SCID007 - Relativity Made Easy on its Centenary Year Nov 2015

Prof S. M. Deen,
University of Keele
For a long time I was trying to see if I can explain in the simplest possible way the essence (in my opinion) of the Theory of Relativity in this Centenary of Einstein’s General Theory of Relativity. This is what I have come up with. Have a drink and a pause.
Below you have: Special Relativity, some easily-readable descriptive para on General Relativity, and an interesting true story on Relativity.
Special Theory of Relativity, which says
1.       The universe is four-dimensional, with one dimension of time and three of space, together constituting what is called the space-time.
2.       Every object in the universe travels at the speed of light in space-time
3.       Nothing can travel faster than the speed of light, which is constant in vacuum at 186,000 miles (300, 000 Km) per second, commonly denoted by the letter c, which stands for the constancy of the speed of light.  If someone is travelling at the speed T in the time direction and S in the space direction, then T2 + S2 = c2. This formula is crucial and used below.
Have another pause. I regret that even my attempted simplest explanation needs diagrams. Consider you are standing at the corner (which we shall call position O) of a football ground, in front of you (i.e. facing you) is one boundary line, which we shall call the X-axis, and on your left-hand direction is another boundary (at right angle to the X-direction) the Y-axis (see Fig 1). Assume you are going to travel for one min(ute).  If you travel in the X–direction, you would travel zero distance in the Y-direction. Equally if you travel on the Y-direction, you would travel zero distance in the X-direction (Fig 1). The chord in the diagram shows the one-min distance from your starting position O.  If you travel in between two directions, say in the direction OR (Fig 2), you would travel the distance ORx on the X-direction and ORy on the Y-direction of the total distance of one min (Fig 2).   I trust all these are crystal clear – if not, please read again.
Now I bring in the time direction. Let us suppose the Y-direction is the time direction and the X-axis represents a direction in space. Since the time dimension is orthogonal to any space direction, X-axis can represent any space direction you wish to choose. Assume two friends A and B sitting at the position O. As they are sitting at O, both of them are moving in the time direction at the speed of light c. Now say B has decided to move away from A very fast. Any direction B chooses to move, it would be a space direction, represented here by the X-direction. Below by X-direction I shall mean any space direction chosen by B.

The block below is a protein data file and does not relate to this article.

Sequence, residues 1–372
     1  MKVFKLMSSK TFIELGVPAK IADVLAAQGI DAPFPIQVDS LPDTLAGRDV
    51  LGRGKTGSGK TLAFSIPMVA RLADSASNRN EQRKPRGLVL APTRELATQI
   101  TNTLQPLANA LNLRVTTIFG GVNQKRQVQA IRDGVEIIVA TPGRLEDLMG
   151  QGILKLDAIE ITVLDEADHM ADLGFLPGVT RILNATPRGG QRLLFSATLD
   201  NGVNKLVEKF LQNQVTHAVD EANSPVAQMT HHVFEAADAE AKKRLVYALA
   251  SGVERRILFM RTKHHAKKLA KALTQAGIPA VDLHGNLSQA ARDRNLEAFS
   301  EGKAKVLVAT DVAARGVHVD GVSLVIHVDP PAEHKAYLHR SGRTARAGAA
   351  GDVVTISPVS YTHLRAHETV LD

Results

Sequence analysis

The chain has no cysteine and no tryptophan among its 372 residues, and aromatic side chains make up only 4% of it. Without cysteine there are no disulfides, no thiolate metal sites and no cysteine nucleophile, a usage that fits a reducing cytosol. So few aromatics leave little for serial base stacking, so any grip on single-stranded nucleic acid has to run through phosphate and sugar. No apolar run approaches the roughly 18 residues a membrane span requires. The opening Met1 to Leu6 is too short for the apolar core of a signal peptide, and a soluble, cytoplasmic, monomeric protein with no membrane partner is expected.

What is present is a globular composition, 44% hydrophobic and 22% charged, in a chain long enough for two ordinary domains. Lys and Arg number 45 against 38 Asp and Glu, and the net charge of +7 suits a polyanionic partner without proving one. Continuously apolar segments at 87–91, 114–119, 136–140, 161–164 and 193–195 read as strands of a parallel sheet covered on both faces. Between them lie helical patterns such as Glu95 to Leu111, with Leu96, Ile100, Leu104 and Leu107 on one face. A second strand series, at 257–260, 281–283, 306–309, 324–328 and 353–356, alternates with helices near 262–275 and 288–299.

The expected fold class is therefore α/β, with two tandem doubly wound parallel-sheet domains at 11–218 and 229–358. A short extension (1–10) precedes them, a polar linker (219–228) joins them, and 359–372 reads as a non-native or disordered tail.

We first examine the equation T2 + S2 =  c2 of Relativity (given earlier), where S is the speed of B in the space direction X, and T is B’s speed in the time direction. If B’s speed S = 0, (that is, B is sitting tight at point O), then T =  c for B, that is, B will be travelling wholly in the time direction Y at the speed of light. On the other hand if S = c for B, then B’s speed in the time direction will be zero (since S = c, T has to be zero for that equation). Therefore for any speed S of B, above zero and below c, there will be a component (i.e. a contribution) to the time direction. If you have understood this equation as explained here, then you have understood the pivotal concept I am using here. The rest is straightforward. So please re-read the explanation until it is crystal clear to you.  By the way, if you are familiar with our normal 3D spatial geometry, then you would know that if you were travelling in the X-direction, there will be no component to the orthogonal Y-direction. But this is not true when the Y-direction is the time-direction in a 4D Universe of Einstein.
If B could move away from A in any space direction X at the speed of light c (the maximum speed possible), then  B will make zero contribution to the Y-direction, as explained above. In that scenario, B would never age, and would be immortal so far as A sitting at O is concerned (in the jargon, it is the A’s Frame of Reference). If B moves away from A at a speed less than c, then it would have a component (i.e. a contribution) in the time direction Y, the actual size of that component would depend on B’s speed.  Say, B moves along OR. After one min, A would reach the point Q on the Y-axis and B on the point R. At that instant, B meets A on A’s position (i.e. A’s Frame of Reference). A’s position would be the point Q, when A’s watch would show that just one min has gone. But the B’s watch which B carried with him in the journey, would show less than one min. This is the famous issue of time dilation in the Theory of Relativity, when someone travelling faster than you would age slower than you.